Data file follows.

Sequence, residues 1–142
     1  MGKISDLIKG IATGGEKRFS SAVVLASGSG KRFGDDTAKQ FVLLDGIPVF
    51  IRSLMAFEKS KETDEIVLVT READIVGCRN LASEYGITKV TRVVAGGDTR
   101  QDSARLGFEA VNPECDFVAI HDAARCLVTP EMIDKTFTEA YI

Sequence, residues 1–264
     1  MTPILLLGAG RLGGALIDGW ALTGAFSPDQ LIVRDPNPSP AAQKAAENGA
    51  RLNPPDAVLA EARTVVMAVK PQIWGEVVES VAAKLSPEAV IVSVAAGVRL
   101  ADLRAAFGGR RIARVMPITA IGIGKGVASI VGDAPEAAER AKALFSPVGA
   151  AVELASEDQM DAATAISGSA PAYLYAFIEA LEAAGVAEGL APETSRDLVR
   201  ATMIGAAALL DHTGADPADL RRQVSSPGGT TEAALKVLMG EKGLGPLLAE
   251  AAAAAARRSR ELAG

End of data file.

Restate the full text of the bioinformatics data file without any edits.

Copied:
Sequence, residues 1–142
     1  MGKISDLIKG IATGGEKRFS SAVVLASGSG KRFGDDTAKQ FVLLDGIPVF
    51  IRSLMAFEKS KETDEIVLVT READIVGCRN LASEYGITKV TRVVAGGDTR
   101  QDSARLGFEA VNPECDFVAI HDAARCLVTP EMIDKTFTEA YI

Sequence, residues 1–264
     1  MTPILLLGAG RLGGALIDGW ALTGAFSPDQ LIVRDPNPSP AAQKAAENGA
    51  RLNPPDAVLA EARTVVMAVK PQIWGEVVES VAAKLSPEAV IVSVAAGVRL
   101  ADLRAAFGGR RIARVMPITA IGIGKGVASI VGDAPEAAER AKALFSPVGA
   151  AVELASEDQM DAATAISGSA PAYLYAFIEA LEAAGVAEGL APETSRDLVR
   201  ATMIGAAALL DHTGADPADL RRQVSSPGGT TEAALKVLMG EKGLGPLLAE
   251  AAAAAARRSR ELAG